Pathways to Ocular Lymphatic Outflow
Mechanism of subconjunctival blebs confirmed in live humans. Howard Larkin reports
Angiographic studies and optical coherence tomography (OCT) have found structural evidence suggesting lymphatics drain aqueous humour from subconjunctival blebs used to lower intraocular pressure in glaucoma surgery and treat various eye diseases via drug delivery, Alex Huang MD, PhD reported at the Association for Research in Vision and Ophthalmology 2021 Annual Meeting.
In a study of 10 patients, angiographic imaging of subconjunctival blebs revealed sausage-shaped outflow pathways previously thought to represent lymphatics. Simultaneous OCT imaging showed semilunar valves or flaps that are a lymphatic hallmark, said Dr Huang, Associate Professor at the Doheny Eye Institute and the Stein Eye Institute at the University of California–Los Angeles, USA.
This study provided multimodal outflow/structural imaging evidence confirming the hypothesis that lymphatics drain blebs in live humans, Dr Huang said. Potential implications include the ability to regulate bleb outflow by encouraging or discouraging outflow using drugs affecting the lymphatic system, he added.
“If we can understand this better, we could improve the treatment of eye diseases.”
ANIMAL AND HUMAN STUDIES
Subconjunctival blebs are intentionally created in traditional glaucoma drainage surgery as well as minimally invasive glaucoma surgery (MIGS) devices such as the XEN Gel Stent (Allergan) and the PreserFlo MicroShunt (Santen). Additionally, they develop during subconjunctival drug delivery. Blebs may also occur spontaneously as chemosis due to fluid overload, infection, inflammation, or head and neck surgery, Dr Huang noted.
So how does fluid exit blebs? Mechanisms suggested include leaking into the orbit or through blood vessels. But observation of patients undergoing subconjunctival haemorrhage and dye injections in studies show dispersion through irregular pathways with alternating wide and narrow points resembling sausage links, suggesting the lymphatic system is involved, Dr Huang said.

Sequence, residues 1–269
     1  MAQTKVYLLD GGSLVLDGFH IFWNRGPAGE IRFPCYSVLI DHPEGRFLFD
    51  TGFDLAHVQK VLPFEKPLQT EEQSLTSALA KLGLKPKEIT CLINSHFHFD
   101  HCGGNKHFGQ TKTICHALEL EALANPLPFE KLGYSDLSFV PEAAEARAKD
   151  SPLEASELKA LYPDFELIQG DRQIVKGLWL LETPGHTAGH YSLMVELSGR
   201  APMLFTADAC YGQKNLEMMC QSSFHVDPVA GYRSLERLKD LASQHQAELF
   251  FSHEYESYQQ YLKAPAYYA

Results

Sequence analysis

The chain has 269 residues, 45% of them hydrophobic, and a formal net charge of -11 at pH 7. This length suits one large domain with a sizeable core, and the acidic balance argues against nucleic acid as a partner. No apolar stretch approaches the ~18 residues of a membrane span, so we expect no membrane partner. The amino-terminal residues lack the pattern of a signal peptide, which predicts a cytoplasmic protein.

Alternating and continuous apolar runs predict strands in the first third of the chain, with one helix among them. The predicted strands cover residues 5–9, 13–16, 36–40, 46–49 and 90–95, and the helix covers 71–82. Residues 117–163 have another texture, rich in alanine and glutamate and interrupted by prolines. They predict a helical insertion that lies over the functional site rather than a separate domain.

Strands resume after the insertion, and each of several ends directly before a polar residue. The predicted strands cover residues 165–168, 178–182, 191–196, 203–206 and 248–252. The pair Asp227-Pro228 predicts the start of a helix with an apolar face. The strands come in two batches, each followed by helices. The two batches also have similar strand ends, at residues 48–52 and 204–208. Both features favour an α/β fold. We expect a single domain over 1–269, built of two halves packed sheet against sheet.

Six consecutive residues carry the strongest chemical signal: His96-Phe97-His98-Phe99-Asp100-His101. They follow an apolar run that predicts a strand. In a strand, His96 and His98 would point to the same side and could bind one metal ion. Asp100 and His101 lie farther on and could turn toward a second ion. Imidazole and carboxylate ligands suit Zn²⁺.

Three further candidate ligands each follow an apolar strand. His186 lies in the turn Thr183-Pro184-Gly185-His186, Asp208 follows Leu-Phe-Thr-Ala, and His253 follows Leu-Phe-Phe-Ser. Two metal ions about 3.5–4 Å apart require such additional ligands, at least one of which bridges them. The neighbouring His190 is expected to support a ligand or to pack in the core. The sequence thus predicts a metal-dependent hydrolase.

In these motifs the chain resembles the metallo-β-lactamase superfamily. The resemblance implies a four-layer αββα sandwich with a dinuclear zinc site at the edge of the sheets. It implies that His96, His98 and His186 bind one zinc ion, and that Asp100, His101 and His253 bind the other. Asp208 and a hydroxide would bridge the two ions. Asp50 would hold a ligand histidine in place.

In animal studies using two-photon microscopy and OCT from colleague Goichi Akiyama MD, PhD, Dr Huang found bicuspid valves in the direction of subconjunctival outflow, providing additional evidence of lymphatic involvement. Using molecular markers, they were also able to confirm bleb-related outflow pathways expressed specific lymphatic but not blood vessel markers. (Fig 1)
In his human study, Drs Huang and Jong Young Lee MD injected indocyanine green and subconjunctival lidocaine in macular degeneration patients preparing for intravitreal injection. This enabled ocular surface lymphangiography, which revealed outflow pathways in seven patients. Simultaneous OCT showed the variable lumen diameter and the presence of valve-like structures along outflow pathways. In comparison, aqueous angiography imaging of trabecular outflow (which visualizes veins, not lymphatics) demonstrated even-calibered pathways without valves that took typical venous Y-shaped branching.
Understanding the mechanism is important because pharmacological manipulation of lymphatics could make glaucoma surgery more successful by increasing outflow—or make subconjunctival drug delivery more effective by reducing outflow, Dr Huang concluded.
Alex Huang: email@example.com or firstname.lastname@example.org